Last week, Peggy Fletcher Stack, religion editor for the Salt Lake Tribune, approached me about commenting on a Los Angeles area LDS bishop who had written a blog post about Harry Reid.
Peggy asked me to comment because I have just written a book - The Liberal Soul: Applying the Gospel of Jesus Christ in Politics - that was published by Greg Kofford Books. In the book, I address the issue of intolerance within the Church and the assumption that if one is a Democrat, faithfulness in the Church cannot co-exist.
I made the comment to Peggy that a person who conducts a temple recommend interview (which I have done before) is not at liberty to interpret that question about associations with or sympathy towards groups or individuals contrary to the Church as one related to political party affiliation.
Yet, I doubt that Bishop Paredes' attitude about Democrats answering that question falsely is unique. I have heard many comments about Democrats from Church members (and even some leaders) that lead me to believe this is a general problem in the Church. It is a problem that needs to be discussed openly and resolved.
The problem with his blog post is not just that he was speaking as an LDS bishop, but that he shared an attitude of intolerance towards who disagreed with him to the point that he believed they were not worthy of a temple recommend, the possession of which becomes a symbol of faithfulness. It is that intolerance that is harmful to the feeling of fellowship that should exist among Latter-day Saints.
It is not unusual for a group to form based on like-minded views that then becomes exclusive of those who wish to be or remain members, but who differ. However, the kingdom of God is not like other societal groups. The qualification for membership is a broken heart and a contrite spirit, not ideological sameness. If that were so, the Church would do no missionary work in many parts of the world where right-wing politics constitute the opinion of very few.
I have a simple belief that the Gospel of Jesus Christ is for all - regardless of political affiliation. Democrats who join the Church should feel just as comfortable as Republicans or any other political party affiliation because party affiliation is not very important in our relations with each other. Church meetings should not be occasions for political exclusiveness, and activity of the Church (including temple recommend status) should not be connected to party affiliation.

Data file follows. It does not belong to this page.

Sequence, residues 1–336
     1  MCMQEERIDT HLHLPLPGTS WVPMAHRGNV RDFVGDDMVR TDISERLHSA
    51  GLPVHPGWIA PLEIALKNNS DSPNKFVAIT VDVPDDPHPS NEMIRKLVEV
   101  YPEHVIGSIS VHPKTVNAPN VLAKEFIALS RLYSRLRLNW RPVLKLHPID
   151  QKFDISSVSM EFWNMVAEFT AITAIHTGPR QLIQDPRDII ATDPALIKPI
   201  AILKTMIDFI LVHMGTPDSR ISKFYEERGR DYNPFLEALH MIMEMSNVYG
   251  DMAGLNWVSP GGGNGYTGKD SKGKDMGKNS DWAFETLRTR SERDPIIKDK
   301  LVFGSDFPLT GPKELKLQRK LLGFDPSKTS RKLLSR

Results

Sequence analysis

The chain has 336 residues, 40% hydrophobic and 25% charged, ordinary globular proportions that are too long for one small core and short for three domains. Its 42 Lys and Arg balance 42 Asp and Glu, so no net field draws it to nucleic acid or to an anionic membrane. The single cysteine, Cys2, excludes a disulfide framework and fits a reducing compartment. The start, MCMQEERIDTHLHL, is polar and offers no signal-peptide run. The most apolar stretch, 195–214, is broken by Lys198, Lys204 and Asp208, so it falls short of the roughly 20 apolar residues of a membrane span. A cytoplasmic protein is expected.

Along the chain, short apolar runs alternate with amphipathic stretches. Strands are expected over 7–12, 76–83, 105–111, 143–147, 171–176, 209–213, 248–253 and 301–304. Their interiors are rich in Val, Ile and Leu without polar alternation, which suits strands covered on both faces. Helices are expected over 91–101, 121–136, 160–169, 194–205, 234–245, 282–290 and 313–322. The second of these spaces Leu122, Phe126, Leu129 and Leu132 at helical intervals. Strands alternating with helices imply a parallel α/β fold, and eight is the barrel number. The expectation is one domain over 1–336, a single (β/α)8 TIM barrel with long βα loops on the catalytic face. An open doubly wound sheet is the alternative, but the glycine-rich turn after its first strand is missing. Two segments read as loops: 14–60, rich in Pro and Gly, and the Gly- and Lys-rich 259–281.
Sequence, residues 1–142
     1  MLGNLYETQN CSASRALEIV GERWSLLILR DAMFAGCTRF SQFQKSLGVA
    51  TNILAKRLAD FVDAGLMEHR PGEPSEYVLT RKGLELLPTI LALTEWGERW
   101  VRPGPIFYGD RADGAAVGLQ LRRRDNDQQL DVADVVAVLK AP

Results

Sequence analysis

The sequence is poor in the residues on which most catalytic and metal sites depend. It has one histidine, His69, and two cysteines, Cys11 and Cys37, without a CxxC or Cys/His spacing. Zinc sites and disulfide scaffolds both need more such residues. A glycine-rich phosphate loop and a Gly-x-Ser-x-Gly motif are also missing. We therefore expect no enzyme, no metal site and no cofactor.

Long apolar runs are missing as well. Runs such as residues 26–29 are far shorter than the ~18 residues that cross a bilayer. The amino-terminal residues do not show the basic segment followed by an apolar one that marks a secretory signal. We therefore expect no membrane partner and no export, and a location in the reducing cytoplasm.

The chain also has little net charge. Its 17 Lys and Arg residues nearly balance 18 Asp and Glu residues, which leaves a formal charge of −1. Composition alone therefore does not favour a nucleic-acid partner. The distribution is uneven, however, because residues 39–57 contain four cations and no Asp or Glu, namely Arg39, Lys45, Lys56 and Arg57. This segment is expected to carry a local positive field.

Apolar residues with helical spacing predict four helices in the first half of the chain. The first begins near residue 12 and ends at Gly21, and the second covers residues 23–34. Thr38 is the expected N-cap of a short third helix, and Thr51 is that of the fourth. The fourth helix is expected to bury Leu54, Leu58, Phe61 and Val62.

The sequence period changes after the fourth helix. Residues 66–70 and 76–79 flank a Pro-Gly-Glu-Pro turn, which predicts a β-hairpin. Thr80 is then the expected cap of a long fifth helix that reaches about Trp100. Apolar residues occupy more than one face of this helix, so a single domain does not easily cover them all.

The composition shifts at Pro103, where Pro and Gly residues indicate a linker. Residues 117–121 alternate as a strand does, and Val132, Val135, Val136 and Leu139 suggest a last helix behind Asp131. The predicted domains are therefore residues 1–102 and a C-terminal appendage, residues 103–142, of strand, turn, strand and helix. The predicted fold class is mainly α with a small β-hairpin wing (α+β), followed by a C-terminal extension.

Unfortunately, Bishop Paredes' blog post has reminded us that this is not so. Democrats still face prejudice and attempted disenfranchisement. There are members who look with suspicion upon other members who are Democrats or more liberal in their political views. I don't view this group as in any way a majority, but it does exist and, as indicated by the incident with Bishop Paredes, members of that minority can become leaders with the ability to attempt to exclude if they wished to do so.
This does not make the Church less true. It is another indication that the Church is not perfect - neither as individuals and, because of that, nor as an organization. Indeed, I remain convinced that our cultural problems are surmountable. We can, indeed, unite as brothers and sisters in faith.
That's why Bishop Paredes' blog post offers an opportunity. He has brought this issue into the open. Now, we can talk about it and seek to address it. That means not only through social and traditional media, but also in interpersonal conversations.
That cannot happen if Bishop Paredes is humiliated into offering an abject apology and going through meetings with LDS Democrats to express his contrition, as has been suggested. Instead, Bishop Paredes should be treated not only as a brother in the Gospel, but also as someone who has a perfect right to his opinions about Harry Reid's political actions.
Rather, any interaction over the issue of Democrats should have as its objective to retain the feelings of fellowship with each other. When such incidents occur, the reaction should be loving and kind rather than hostile and vindictive. Such behavior makes friends rather than enemies, but, aside from the practical consequences, it is simply how disciples of Christ should act towards each other.
I suggest that when someone says something like Bishop Paredes did, the response should be a private conversation with expression of love accompanied by a reminder that the Church is for all and certainly he or she would not want to be the cause of anyone leaving the Church or not joining because of an inappropriate statement.
Our love for each other should transcend political barriers. Several recent general conference talks have made that point. Hopefully more and more people are listening to that message.